XCode is just so complicated that even the very good Ray Wenderlich Tutorials typically leave something out causing errors. So for the Swift Tutorial Part 2, here are errata:
- When you are looking at main.storyboard, the tutorial talks about the navigation Document Outline. This is only visible is you right click on the main.storyboard on the left pane (the Navigation pane). if you are like me and just browsing you won’t see it.
- When you want to add a title to the View Controller, it tells you to double click on the title bar. Actually, after you choose Embed In, the selection moves to the navigation bar and even if you try to double click on the view controller title this doesn’t work. Instead, you have to specifically click on the “View Controller” in the navigation pane or the yellow icon at the top and then you can change the text. Just click on the space doesn’t give you focus there for editing.
- If you don’t change this text by the way, the tutorial fails with an obscure message, “failed to initialize” because there is no entry point, so beware, you *must* have a title for the View Controller for this to work.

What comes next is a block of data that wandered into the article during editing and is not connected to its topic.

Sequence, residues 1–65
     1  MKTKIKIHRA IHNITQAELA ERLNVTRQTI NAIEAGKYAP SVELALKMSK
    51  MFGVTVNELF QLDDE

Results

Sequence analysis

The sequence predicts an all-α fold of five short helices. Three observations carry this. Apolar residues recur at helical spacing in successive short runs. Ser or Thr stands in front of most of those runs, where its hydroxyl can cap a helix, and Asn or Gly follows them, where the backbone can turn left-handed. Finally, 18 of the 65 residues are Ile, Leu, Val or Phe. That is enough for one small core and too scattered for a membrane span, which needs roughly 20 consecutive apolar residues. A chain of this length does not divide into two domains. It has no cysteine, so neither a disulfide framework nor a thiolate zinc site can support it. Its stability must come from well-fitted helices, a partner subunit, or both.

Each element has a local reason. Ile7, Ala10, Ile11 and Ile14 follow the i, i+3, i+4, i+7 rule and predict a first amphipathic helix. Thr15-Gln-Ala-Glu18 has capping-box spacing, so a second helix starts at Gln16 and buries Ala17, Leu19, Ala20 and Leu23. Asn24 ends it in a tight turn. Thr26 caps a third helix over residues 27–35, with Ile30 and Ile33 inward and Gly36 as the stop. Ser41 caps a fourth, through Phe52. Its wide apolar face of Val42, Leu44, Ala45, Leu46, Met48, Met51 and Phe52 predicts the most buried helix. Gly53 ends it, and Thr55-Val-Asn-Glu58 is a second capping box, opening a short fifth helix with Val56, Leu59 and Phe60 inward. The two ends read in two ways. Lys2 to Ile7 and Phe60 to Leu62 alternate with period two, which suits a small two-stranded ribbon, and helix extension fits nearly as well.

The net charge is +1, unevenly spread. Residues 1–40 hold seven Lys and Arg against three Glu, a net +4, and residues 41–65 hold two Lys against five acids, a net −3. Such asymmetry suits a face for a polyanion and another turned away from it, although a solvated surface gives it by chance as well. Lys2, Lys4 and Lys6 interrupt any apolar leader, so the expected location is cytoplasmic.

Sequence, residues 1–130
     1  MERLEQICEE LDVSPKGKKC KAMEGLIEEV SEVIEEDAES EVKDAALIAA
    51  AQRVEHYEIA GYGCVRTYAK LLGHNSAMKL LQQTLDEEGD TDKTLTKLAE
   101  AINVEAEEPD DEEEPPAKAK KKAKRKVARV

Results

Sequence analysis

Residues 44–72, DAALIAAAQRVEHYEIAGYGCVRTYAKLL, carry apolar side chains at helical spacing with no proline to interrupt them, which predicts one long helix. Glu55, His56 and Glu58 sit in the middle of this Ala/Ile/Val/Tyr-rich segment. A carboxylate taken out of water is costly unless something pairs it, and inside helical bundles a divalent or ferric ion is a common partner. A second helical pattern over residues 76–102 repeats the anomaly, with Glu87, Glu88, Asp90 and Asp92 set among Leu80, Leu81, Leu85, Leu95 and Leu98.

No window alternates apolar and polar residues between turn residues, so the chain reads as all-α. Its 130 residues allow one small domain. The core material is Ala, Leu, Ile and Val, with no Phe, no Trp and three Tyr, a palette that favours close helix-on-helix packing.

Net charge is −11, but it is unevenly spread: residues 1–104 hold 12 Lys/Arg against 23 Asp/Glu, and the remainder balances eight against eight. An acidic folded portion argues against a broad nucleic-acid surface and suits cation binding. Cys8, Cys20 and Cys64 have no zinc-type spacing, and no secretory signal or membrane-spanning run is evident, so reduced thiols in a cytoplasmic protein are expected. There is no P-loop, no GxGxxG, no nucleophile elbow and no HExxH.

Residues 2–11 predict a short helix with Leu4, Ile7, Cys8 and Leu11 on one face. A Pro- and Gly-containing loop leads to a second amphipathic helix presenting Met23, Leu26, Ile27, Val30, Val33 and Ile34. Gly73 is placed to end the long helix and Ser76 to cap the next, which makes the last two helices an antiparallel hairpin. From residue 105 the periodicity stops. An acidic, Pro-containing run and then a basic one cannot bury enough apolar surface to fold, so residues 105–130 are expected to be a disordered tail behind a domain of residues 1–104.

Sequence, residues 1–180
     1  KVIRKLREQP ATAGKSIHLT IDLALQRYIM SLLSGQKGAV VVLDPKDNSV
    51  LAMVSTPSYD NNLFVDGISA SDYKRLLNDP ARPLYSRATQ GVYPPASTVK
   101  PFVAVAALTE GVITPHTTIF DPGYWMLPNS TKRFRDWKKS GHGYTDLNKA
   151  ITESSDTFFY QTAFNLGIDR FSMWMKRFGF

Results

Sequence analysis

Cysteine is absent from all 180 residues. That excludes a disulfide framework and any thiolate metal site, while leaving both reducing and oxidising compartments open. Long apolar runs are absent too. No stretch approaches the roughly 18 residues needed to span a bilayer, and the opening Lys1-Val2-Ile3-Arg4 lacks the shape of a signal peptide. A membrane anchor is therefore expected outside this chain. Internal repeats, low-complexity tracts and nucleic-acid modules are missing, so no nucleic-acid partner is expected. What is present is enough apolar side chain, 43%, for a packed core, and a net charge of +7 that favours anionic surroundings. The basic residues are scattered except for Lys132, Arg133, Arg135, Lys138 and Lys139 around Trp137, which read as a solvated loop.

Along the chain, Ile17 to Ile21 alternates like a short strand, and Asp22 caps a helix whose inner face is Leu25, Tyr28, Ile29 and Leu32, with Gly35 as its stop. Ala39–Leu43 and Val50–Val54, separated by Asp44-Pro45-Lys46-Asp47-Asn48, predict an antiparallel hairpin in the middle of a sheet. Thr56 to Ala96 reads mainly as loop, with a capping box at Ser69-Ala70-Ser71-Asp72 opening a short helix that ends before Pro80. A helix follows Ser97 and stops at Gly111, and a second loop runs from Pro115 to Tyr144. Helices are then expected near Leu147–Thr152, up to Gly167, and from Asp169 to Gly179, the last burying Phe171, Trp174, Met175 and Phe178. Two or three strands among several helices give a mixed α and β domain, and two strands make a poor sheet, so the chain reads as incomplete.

- The text field attribute, “Keyboard Type” is way down on the list, in the right pane there is the fourth icon is called the Attributes Inspector (if you leave the mouse on top of the icon the name comes up).
- To make all the location changes, you need to be on the fifth icon in the right menu called “Size Inspector”
- Sometimes the simulator ignores the call for a decimal keyboard. YOu have to reset the IOS simulator by turning off Hardware/Keyboard/Use Hardware Keyboard.
The second point is that Swift is powerful but you get lots of bizarre messages because when writing a program, it is still objective c underneath. So here is what to do to make sure you don’t type two lines and the whole sample program breaks:
- Use the Git commit so that you can always roll back. With the interactions between the storyboard and the code, you can easily get to the point where the application just crashs.
- After every line do a run so you can see the errors. The system is good at catching syntax errors, but terrible when you are trying to use the user interface and the messages are really obscure. So Cmd-R is your friend!
- There is never enough screen space on a laptop, so I like to run everything full screen and then use the three finger swipe to move from tutorial to Xcode to simulator.